Getting a spouse on board with making a budget each month can feel like quite the daunting task. In fact, getting a spouse on board with anything that takes them out of their comfort zone can be difficult. Unfortunately, at one point I was the spouse that wasn’t on board. My husband saw that we needed to change our spending habits. Correction: I needed to change MY spending habits! He was frugal, I was not. In fact, I distinctly remember when he originally approached me with the idea of spending less, I dismissed him. It took some time for me to come around and decide that we should free ourselves of the debt that was holding us back (read our debt free journey HERE). If you have a spouse or partner that is not on board with making a budget, try the tactics below and see if you can nudge them in your direction.
Discuss Your Dreams And Goals
Sit down and talk with your spouse about each of your dreams and goals for the future. These don’t have to be “safe” dreams. A “safe” dream is one that is easily attainable. People share safe dreams so that there is no disappointment or insecurity if they don’t reach that dream. Instead, talk about what you would like to do if money was not a problem. What would you do if you didn’t have anything holding you back? When people start speaking out loud and declaring their dream, then something happens in their brain. There is a shift in the dream being a far off possibility to something that is attainable. Write your family’s dreams and goals out on paper and post them in a place where you both can see them often!
Allow Room For Fun
Have you ever been told you couldn’t have something and that made you want it even more? When my husband and I first started budgeting, we ran a tight ship and lived off barely anything. There was no money set aside for fun or clothes. Within months I was itching to buy a new outfit, but it felt forbidden. So what did I do? I went straight out and bought not one, but TWO outfits to prove that I could have what I wanted. We quickly realized that we needed room in our budget for me to feel like I could spend money on myself. Just because you are on a budget doesn’t mean you can’t have fun or buy the things you want. Keep a section in your budget labeled “Fun Money.” This can be spent on anything you or your spouse wants. Each person can have their own separate amount, or you can join it together into one amount. When your spouse knows that they have a set amount of money that they can spend, they might be less likely to resist the idea of a monthly budget.
Focus On The Benefits
We all know that there pros and cons to almost everything we do in life. The same goes for taking the time to plan out where your money will go each month. Now I’m a pretty positive person in general, but 6 years ago when we started budgeting I had to train myself to stay positive when it came to the budget. It’s so easy to focus on what you’re not getting in the moment. It’s easy to whine and complain. It’s much harder to delay gratification and live on less than you make. The good news is that you CAN do hard things. What is it that you and your spouse hope to gain by being on a budget? Are you two hoping to gain financial freedom from debt? What about the ability to buy a big ticket item such as a new car? Or maybe it’s a down payment on your dream home? Whatever it is, remind yourself and your spouse to stay positive even when budgeting is difficult. Remember to focus on what you are building together for the future, not on what you may be missing out on in the present. Read more about changing your mindset HERE.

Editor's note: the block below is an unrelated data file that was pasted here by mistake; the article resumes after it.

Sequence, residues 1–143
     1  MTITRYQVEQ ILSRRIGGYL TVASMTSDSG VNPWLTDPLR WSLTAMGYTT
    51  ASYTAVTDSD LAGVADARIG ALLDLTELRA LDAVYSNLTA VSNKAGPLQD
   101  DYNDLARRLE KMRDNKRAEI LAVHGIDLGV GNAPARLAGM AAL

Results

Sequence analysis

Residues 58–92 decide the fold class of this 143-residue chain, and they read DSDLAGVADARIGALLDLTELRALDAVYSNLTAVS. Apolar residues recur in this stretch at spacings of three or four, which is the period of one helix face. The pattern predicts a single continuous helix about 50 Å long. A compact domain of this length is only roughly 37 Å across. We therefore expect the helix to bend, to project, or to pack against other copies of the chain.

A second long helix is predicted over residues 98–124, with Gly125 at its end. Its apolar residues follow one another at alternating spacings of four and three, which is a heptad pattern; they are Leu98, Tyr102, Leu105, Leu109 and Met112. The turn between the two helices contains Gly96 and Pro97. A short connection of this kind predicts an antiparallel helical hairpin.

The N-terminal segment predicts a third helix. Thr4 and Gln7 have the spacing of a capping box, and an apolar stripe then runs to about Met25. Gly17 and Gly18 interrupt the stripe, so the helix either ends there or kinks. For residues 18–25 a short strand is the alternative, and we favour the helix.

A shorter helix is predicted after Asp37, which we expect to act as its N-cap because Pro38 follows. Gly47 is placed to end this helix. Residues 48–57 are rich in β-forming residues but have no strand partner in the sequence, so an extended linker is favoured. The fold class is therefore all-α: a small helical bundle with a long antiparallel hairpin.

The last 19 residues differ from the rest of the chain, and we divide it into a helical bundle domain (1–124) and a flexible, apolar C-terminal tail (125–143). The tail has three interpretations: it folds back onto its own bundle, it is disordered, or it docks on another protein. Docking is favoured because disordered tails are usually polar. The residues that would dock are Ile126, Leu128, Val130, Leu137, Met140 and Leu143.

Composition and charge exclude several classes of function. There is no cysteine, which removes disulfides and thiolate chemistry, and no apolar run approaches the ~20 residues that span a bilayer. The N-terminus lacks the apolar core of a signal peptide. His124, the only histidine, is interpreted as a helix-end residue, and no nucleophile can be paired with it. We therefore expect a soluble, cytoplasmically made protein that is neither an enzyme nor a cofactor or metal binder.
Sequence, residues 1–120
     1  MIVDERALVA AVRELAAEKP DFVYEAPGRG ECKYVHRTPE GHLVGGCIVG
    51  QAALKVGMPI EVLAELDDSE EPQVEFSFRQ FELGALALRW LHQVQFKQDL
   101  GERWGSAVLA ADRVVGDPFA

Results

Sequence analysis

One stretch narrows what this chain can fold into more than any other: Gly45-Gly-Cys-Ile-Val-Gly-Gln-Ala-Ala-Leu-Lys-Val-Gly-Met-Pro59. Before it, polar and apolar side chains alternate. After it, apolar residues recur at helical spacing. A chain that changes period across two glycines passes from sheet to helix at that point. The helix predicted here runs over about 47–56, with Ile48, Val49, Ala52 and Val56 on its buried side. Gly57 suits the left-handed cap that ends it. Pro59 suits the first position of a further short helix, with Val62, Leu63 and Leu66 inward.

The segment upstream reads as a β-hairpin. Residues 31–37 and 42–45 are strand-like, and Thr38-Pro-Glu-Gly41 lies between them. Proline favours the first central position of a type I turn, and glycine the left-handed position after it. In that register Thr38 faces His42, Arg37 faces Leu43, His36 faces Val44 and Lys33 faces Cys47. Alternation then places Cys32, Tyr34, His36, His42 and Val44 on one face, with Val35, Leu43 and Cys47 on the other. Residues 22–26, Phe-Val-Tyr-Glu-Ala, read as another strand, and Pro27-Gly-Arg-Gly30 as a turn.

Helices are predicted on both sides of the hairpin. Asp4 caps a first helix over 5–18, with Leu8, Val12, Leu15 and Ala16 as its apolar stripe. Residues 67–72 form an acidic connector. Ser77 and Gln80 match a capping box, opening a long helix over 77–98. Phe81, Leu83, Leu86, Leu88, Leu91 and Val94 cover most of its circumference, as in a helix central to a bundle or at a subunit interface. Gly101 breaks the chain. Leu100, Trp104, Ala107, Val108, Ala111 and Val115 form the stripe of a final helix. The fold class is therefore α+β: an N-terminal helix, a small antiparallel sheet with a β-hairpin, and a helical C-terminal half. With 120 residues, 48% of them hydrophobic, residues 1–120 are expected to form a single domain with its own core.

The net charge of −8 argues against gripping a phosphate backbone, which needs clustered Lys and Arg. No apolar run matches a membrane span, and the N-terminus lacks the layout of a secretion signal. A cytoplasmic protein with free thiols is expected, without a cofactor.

Provide Concrete Examples
It’s easier to get someone on board with a budget if they can see exactly what it will look like. Take some time to draft a sample budget. Bring that with you when you discuss the idea of living on a budget. Sometimes people dismiss an idea when they cannot see the details involved. Don’t just say “Hey, I think we need to get on a budget. We spend way too much money on (insert item here).” Instead, approach your spouse with the problem (you two are not in control of your money) AND the solution (the sample budget). Think about the way your spouse learns best. If they learn well through technology, make the budget on an excel spreadsheet or use EveryDollar. If they prefer paper and pencil, download a budget and fill it in yourselves (may I suggest one that I designed? Find it HERE).
My son is going through this lovely stage where he throws a tantrum when he doesn’t get his way. It’s the best (she says with sarcasm)! Don’t be surprised if you have to compromise with your spouse on the monthly budget. In fact, EXPECT that you will have to compromise. Don’t throw a fit like a child and have an “all or nothing” attitude. Instead, go into this conversation prepared to create a solution that works for you and your spouse.
Be Respectful And Timely
Timing is everything! Don’t try to get your spouse on board with a budget in the middle of a sports game. Think about when your spouse is more open minded and willing to have long discussions. I know not to bother my husband with important conversations before 9:00am. He is more likely to discuss finances with me in the evening. Basically, know your audience. And when you approach your spouse, be respectful. Don’t nag or whine. Use a respectful tone and your spouse won’t put up a wall right away.
Ultimately, remember that you and your spouse are a team. A successful team works together, communicates, and makes a plan. Teamwork can be hard and frustrating at times, but with effort and diligence, you are able to reach your dreams.